Learjet 75

By Fred George fred_george@aviationweek.com
Source: Business & Commercial Aviation

Taxiing out of the chocks, the wheel brakes felt smooth and responsive. Not so, the nosewheel steering. It still takes some practice to make smooth turns at low speeds because the rudder pedals provide little or no centering feedback.

Demonstration pilot Greg Eastburn in the right seat conservatively computed 113 KIAS for the V1/Vr decision and rotation speeds, 123 KIAS for the V2 one-engine-inoperative takeoff safety speed and 148 KIAS for flap retraction based on the 18,000-lb. takeoff weight, Wichita Mid-Continent Airport's 1,333-ft. field elevation, 29.83 barometer setting and 31C temperature. Takeoff field length was 4,260 ft. When the aircraft earns certification, it's likely that 2 to 4 kt. will be shaved off those V speeds, according to Bombardier's flight test data.

Once cleared for takeoff on Runway 19R and I pushed up the power levers to the takeoff detent, it was immediately apparent that this aircraft may resemble the Model 45, but it doesn't perform like one. The combination of 10% more thrust and 200 lb. less weight had a palpable effect as the aircraft accelerated.

Rotation forces were as hefty as those of the Model 45, as were roll control forces. Control feel was much lighter in the old Model 20 and 30 series aircraft.

Once we stabilized at 250 KIAS, the aircraft settled into a 6,000- to 7,000-fpm initial rate of climb. Safety pilot Lyn Jacques logged our passing through FL 350 in 14 min. since beginning takeoff roll, even though we were climbing in ISA+12C to ISA+20C conditions.

We leveled at FL 430 in 19 min. and settled into Mach 0.78 normal cruise. At a weight of 17,000+ lb., the aircraft zipped along at 444 KTAS at ISA-4C while sipping 1,040 lb./hr. Pushing up the thrust levers to cruise at the Mach 0.81 redline, we trued at 460 KTAS at the same OAT while burning 1,240 lb./hr. Operators choose Learjets for speed and fuel efficiency and the Model 75 delivers.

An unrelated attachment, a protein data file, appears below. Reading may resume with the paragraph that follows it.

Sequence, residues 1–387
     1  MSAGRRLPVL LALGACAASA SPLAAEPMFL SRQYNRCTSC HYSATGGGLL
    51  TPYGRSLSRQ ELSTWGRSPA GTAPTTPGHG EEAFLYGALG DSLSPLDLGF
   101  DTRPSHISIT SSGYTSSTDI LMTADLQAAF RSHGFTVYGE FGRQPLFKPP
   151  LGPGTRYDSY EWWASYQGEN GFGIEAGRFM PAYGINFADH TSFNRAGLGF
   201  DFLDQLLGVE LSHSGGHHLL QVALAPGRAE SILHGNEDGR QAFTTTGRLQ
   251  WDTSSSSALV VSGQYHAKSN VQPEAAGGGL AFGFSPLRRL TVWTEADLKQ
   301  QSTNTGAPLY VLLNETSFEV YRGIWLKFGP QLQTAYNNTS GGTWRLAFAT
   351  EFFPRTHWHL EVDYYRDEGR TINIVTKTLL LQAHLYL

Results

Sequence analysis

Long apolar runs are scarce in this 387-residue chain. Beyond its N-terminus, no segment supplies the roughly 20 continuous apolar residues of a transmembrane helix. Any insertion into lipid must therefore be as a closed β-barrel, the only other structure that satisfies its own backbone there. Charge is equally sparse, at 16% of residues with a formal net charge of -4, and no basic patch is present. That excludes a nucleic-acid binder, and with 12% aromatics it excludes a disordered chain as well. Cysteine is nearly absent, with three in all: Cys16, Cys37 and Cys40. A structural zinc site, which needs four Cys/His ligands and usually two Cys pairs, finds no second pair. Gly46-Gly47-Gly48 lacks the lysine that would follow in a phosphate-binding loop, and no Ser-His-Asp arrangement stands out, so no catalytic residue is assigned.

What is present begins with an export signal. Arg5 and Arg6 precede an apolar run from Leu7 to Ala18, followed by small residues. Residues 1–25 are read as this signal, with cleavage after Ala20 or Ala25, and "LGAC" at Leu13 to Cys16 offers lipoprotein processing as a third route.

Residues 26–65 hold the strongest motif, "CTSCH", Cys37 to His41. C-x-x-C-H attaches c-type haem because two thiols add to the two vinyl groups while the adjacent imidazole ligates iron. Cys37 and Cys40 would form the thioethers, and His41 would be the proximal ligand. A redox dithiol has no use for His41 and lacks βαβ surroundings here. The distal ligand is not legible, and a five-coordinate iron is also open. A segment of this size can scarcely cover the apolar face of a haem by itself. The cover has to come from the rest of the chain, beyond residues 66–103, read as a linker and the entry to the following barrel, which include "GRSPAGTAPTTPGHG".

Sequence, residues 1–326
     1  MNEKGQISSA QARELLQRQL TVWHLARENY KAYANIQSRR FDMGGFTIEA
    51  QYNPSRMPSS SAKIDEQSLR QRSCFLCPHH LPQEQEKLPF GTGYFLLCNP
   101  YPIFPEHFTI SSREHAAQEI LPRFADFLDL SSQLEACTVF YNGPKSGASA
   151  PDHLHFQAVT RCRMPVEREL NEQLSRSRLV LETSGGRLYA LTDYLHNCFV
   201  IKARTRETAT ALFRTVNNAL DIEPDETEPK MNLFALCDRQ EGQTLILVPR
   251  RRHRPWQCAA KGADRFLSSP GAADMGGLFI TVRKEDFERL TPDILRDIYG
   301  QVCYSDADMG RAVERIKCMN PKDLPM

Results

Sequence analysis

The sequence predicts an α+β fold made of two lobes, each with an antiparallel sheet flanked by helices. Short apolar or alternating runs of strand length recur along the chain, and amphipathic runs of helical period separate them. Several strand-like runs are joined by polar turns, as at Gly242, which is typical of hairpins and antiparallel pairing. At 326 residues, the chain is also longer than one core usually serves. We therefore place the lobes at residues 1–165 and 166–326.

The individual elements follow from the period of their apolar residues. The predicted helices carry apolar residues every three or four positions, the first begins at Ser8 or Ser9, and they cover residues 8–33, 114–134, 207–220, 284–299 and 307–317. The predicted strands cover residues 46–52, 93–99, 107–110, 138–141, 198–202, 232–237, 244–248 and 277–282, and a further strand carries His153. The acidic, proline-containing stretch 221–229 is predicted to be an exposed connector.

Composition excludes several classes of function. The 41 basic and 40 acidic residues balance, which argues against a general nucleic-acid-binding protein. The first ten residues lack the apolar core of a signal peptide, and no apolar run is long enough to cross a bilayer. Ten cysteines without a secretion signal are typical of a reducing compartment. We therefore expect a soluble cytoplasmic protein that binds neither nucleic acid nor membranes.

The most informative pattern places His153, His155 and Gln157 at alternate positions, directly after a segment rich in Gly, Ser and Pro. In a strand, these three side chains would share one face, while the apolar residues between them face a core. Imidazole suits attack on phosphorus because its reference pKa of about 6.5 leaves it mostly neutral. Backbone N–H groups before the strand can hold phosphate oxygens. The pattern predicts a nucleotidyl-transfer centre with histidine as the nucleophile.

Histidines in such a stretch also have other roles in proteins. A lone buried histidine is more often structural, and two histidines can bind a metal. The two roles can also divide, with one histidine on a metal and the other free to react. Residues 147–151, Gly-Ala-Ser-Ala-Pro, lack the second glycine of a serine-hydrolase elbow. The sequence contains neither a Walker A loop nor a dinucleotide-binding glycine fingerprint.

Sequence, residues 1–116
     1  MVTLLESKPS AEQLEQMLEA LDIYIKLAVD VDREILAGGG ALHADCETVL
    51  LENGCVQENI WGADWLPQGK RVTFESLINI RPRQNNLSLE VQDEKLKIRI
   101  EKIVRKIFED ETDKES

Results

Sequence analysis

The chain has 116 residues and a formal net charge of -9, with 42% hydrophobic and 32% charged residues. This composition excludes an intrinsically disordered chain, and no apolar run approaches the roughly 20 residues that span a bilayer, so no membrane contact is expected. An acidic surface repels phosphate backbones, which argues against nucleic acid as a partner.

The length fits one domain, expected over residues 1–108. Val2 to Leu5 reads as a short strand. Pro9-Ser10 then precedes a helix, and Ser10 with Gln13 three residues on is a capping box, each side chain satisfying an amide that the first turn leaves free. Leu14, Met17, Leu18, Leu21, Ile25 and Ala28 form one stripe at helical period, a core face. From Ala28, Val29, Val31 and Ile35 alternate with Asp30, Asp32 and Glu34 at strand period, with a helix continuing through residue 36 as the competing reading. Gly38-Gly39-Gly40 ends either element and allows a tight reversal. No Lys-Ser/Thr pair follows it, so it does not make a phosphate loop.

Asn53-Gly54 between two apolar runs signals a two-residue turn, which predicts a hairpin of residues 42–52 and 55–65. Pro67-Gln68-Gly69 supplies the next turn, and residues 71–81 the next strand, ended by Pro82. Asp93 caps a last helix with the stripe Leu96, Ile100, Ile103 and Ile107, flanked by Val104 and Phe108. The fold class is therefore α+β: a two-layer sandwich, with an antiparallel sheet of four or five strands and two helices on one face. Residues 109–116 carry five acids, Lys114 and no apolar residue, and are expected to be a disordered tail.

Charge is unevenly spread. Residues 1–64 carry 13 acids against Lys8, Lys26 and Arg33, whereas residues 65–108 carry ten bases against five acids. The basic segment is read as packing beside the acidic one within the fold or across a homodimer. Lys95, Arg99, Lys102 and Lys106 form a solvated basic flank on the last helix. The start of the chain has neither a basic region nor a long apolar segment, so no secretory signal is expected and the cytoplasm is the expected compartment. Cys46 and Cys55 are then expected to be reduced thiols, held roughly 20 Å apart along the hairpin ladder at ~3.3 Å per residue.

We then headed to Hutchison, Kan., Municipal Airport (HUT) to fly the RNAV (GPS) Runway 13 LPV procedure. During the descent, we encountered a TCAS traffic advisory alert. Unlike some other Garmin display systems, the G5000 in the Learjet 75 does not provide 3-D traffic imagery on the PFD. Instead, a small bird's-eye view chart inset pops up, showing traffic in two dimensions with the intruder's altitude differential shown in numerical digits.

Eastburn requested clearance for the full RNAV procedure to demonstrate Vision's ability to compute the required guidance maneuvers to enter a procedure turn and fly the entire procedure. We flew most of the procedure with the autopilot coupled and the system guided the aircraft smoothly and precisely throughout.

At minimums, we executed a missed approach. Pressing the Go Around button on the throttle disengages the autopilot, thus initially the missed approach must be flown by hand. After the appropriate lateral and vertical flight guidance modes have been programmed, the autopilot again may be coupled.

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